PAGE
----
Right now, the lonely headland between Norwick and Skaw – Britain’s northernmost beach – sits empty but for a few abandoned wartime shelters. Shetland’s silent northernmost edge seems an unlikely spot for what could be one of its most dynamic new industries: sending satellites into space, with plans to start before the end of 2021.
And, for all that the location seems unlikely at first, it’s exactly why the UK Space Agency has touted this corner of Unst as the best place in the UK to launch small satellites. It is about as far north as you can get in the country, meaning less energy is required to enter polar orbit. From here, satellites – which might be used for everything from meteorological reports to analysing plants and providing broadband – can take off without passing over any human settlements, as there’s nothing but sea between Skaw and the Arctic.
Britain doesn’t yet have a satellite launch site, but consultants Frost and Sullivan have estimated that a UK small satellite market could be worth £4.2 billion between 2021 and 2030. The Shetland Space Centre is competing with Space Hub Sutherland to be the UK’s first launchpad, but Shetland is leading the way. American aerospace giant Lockheed Martin has moved its planned UK Pathfinder Launch operations to Unst, with plans to launch Britain’s first commercial satellite here in 2021, while Canadian C6 Launch Systems has signed a letter of intent to use Unst as its primary launch facility.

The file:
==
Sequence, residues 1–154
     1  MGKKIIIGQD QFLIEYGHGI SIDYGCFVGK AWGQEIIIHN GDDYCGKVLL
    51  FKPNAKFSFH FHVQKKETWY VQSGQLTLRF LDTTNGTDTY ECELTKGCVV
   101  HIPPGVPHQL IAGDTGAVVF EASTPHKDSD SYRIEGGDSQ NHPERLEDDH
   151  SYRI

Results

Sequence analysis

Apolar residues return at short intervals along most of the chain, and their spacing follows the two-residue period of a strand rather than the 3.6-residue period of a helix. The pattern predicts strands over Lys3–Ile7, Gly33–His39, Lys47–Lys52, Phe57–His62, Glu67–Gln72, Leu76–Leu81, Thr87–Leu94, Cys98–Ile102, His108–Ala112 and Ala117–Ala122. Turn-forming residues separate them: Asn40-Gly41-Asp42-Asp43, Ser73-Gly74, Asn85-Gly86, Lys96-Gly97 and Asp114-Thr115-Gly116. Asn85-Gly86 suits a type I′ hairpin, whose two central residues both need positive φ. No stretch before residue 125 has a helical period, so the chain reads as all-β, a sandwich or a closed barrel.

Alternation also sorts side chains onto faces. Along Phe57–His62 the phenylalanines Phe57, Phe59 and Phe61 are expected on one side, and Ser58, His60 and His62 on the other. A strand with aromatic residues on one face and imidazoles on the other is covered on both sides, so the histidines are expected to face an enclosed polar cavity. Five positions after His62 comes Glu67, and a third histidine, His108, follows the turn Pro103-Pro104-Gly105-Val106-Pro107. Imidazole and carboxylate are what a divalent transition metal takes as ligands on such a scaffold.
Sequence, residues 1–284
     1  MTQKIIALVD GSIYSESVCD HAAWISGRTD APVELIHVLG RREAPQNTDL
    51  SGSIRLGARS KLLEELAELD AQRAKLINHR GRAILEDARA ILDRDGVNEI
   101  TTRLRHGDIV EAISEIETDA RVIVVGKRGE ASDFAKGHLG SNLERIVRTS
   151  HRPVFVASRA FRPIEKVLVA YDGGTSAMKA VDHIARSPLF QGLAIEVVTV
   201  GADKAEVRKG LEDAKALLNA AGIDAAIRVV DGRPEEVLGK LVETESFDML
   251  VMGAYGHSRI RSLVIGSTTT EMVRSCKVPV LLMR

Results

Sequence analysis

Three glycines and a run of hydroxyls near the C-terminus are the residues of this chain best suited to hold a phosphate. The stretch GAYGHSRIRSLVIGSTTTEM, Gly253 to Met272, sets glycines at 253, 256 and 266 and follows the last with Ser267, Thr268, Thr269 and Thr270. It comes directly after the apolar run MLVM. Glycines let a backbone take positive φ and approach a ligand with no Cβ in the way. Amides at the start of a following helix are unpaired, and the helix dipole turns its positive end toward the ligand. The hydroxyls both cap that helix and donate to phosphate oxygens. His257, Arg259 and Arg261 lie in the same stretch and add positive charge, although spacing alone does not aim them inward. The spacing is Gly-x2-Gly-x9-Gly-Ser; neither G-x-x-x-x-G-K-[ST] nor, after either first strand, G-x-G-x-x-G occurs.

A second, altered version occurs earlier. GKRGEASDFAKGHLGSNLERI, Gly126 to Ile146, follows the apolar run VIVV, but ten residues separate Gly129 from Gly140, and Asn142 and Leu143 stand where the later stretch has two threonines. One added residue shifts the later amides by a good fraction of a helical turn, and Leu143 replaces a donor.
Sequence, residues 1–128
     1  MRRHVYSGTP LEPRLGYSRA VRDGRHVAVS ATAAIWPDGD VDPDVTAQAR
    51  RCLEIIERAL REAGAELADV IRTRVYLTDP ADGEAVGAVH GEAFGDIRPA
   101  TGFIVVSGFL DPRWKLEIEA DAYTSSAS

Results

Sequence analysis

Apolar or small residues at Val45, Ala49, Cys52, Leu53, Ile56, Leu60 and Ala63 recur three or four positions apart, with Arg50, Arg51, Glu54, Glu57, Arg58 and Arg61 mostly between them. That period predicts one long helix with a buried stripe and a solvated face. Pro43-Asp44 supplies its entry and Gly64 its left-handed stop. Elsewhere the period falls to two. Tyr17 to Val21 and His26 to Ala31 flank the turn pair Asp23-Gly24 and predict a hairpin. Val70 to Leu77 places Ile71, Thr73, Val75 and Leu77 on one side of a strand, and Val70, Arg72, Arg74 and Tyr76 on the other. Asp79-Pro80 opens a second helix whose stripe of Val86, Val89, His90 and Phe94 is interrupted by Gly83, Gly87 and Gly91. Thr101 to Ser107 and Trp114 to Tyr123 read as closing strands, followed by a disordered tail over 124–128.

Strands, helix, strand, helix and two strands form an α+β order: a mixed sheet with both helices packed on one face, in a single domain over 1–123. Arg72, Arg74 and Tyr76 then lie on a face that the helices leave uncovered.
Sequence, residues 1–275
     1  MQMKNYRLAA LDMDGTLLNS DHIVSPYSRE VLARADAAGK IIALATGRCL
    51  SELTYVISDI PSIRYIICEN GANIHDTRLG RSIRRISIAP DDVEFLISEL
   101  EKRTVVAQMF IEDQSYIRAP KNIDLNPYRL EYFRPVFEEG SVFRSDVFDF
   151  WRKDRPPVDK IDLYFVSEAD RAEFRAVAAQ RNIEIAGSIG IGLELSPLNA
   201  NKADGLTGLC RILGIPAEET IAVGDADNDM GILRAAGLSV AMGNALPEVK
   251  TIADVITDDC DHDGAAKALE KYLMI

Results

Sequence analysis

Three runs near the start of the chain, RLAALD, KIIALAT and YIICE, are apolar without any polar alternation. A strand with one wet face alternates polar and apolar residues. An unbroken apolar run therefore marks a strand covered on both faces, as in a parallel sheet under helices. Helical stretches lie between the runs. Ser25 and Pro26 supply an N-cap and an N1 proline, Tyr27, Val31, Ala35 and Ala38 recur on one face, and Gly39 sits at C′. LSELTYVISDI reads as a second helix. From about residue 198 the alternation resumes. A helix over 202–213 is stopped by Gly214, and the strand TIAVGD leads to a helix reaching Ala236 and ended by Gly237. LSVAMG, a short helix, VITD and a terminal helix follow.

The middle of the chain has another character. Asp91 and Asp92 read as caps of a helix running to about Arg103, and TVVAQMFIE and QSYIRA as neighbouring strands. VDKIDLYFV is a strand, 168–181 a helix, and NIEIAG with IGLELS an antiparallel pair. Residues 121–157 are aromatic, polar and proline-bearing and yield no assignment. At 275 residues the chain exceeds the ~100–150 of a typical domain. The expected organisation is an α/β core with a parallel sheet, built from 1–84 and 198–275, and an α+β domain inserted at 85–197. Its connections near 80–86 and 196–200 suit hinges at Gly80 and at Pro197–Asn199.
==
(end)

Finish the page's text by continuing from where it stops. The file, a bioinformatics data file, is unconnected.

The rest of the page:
“It’s a hugely exciting opportunity for Unst and Shetland,” says Scott Hammond, the operations director of the Shetland Space Centre. “It could mean more than a hundred local sustainable jobs, and a boom in tourism, with people coming up to watch these launches.”
It could mean more than a hundred sustainable jobs, and a boom in tourism, with people coming up to watch these launches.
With plans to have 30 small satellite launches a year after the first launch (the Sutherland site only has permission for 17), Hammond says that Unst makes sense for reasons other than pure geography. One is the infrastructure left over from the former RAF base at Saxa Vord, which ceased operations in 2006, including an air-strip at Baltasound – not to mention the engineering know-how in an archipelago that has supported the oil and gas and maritime industries for decades. He points to Shetland companies like Lerwick-based engineering firm Ocean Kinetics or the Pure Energy Centre on Unst, which works with the hydrogen that fuels rockets.